News and Blogs

A look at recent events and member projects

Learning Arduino at the Hackerspace

An introduction to the arduino, the development software, and interfacing with basic hardware. The class will be broken up into two days, split one week apart. The first session will be an introduction to the arduino, and coding, and simple examples

The second session will be a deeper dive into the world of arduino using examples

No experience with arduino is necessary.

What to bring: 1 laptop
Cost:$100 for non-members, $90 for members

What you ge for $100 :

Instruction – we are going to be working through this fantastic manual from Sparkfun

Sparkfun Inventors Kit

When: Wednesday 2/15 7:30 to 9:30pm, and Wednesday 2/22 7:30 to 9:30pm

Where: Solid State Depot

Total Students: 8 (to see ammount of seats remaining see the eventbrite page)

Teachers: Paul Sobczak and Chris Davidoff

Sign up: EventBrite

Sparkfun is located right here on the Front Range, but our class will be held at Solid State Depot, Boulder’s Local Hackerspace.

Stephen in the news

Member Stephen Chavez has been making waves again — following his presentation with an SSD member at Defcon 24, he travelled to China and won an award at the GeekPwn 2016 hacking contest.  And now, just after his graduation from Metro State University in Denver, he has been featured on Denver’s 9News.

Stephen and friends have been hacking his electric wheelchair with the goal to make it semi-autonomous.  Unable to talk, he uses a computer keyboard to communicate; a task that cannot be done while controlling the chair’s joystick. As a result, he cannot “talk” and “walk” at the same time.  With a semi-autonomous chair, he can set it to follow a friend or drive on a path while avoiding obstacles — freeing his hands to type and communicate.

Stephen’s wheel chair is a product of PGDT.  The chair utilizes a proprietary protocol that runs over the same CAN interface found in all late model cars and trucks.  PGDT calls the protocol R-net.  R-net is deployed on the wheelchair to allow the various devices and interfaces on the vehicle to communicate with each other.  There are no public documents about the R-net protocol.  Stephen worked with a team of hackers to reverse-engineer this protocol and take control of the wheelchair’s internal network.  “We’ve learned that power wheelchair hacking is also closely related to car hacking”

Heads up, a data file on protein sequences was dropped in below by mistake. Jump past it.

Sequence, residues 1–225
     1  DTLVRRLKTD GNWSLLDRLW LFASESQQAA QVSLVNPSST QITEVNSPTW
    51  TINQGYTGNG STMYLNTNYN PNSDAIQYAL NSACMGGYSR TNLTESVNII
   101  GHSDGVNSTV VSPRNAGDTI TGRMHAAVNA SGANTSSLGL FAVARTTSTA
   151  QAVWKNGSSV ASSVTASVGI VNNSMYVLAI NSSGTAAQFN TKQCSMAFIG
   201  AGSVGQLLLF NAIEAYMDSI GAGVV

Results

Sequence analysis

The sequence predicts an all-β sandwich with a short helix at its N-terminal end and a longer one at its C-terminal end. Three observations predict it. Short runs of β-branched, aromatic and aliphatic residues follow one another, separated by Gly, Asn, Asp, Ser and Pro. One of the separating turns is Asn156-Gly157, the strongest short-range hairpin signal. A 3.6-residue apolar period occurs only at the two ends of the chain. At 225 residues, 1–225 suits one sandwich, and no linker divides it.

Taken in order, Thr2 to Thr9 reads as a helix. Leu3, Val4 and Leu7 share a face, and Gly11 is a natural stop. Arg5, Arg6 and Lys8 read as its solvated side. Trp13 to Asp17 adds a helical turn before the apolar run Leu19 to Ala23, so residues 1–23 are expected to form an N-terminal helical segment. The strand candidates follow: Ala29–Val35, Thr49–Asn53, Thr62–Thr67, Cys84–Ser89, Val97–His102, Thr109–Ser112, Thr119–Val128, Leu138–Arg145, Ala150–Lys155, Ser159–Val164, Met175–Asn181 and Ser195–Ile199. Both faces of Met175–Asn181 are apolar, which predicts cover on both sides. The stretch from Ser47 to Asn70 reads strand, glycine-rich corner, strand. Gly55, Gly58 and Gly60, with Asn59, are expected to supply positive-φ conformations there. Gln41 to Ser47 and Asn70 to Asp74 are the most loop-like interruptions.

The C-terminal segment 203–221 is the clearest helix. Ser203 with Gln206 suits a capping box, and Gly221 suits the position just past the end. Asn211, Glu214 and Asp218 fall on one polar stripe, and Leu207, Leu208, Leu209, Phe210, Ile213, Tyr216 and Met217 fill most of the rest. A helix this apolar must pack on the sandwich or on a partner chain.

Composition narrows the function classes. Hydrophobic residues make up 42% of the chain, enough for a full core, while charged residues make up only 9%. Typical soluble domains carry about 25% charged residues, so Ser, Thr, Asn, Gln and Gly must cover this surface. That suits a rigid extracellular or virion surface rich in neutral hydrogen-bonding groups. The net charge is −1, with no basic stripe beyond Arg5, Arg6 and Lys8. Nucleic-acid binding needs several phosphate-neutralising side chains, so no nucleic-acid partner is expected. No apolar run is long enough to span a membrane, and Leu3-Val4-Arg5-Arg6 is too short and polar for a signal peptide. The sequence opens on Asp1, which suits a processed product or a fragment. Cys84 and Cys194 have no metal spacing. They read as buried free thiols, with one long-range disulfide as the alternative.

Stephen Chavez. Photo by Sara Hertwig

Stephen Chavez.
Photo by Sara Hertwig

ElectroPumpkins for Halloween

An Arduino, a bit of ws2812 LED strip, and some sanded acrylic tube make the perfect light for a jack-o-lantern.  If you’ve ever wanted to play with the intelligent LEDs like the ws2812, I highly recommend using FastLED to drive them.  The library has a good set of examples bundled with it, one of which is the Fire2012 example.  You can see that in action in the embedded video below.  For these two pumpkins, I used some very simple code that cycles them through the HSV color wheel at 100% saturation and 100% value.  See the code at the end of the post.

20161030_224005   20161030_235938   20161031_204650

 

And now for the code:

 

#include "FastLED.h"
#define NUM_LEDS 20
#define LED_PIN 5

// Define the array of leds
CRGB leds[NUM_LEDS];

void setup() { 
   FastLED.addLeds<WS2812, LED_PIN, BGR>(leds, NUM_LEDS);
}

#define HUE_DELTA 1
#define TIMEOUT 200

void loop() {
   static uint8_t hue = 0;
   // Turn the LED on, then pause
   for( int idx = 0; idx < NUM_LEDS; idx++)
   {
      leds[idx].setHSV( hue, 0xff, 0xff);
   }
   FastLED.show();
   delay(TIMEOUT);
   hue += HUE_DELTA;
}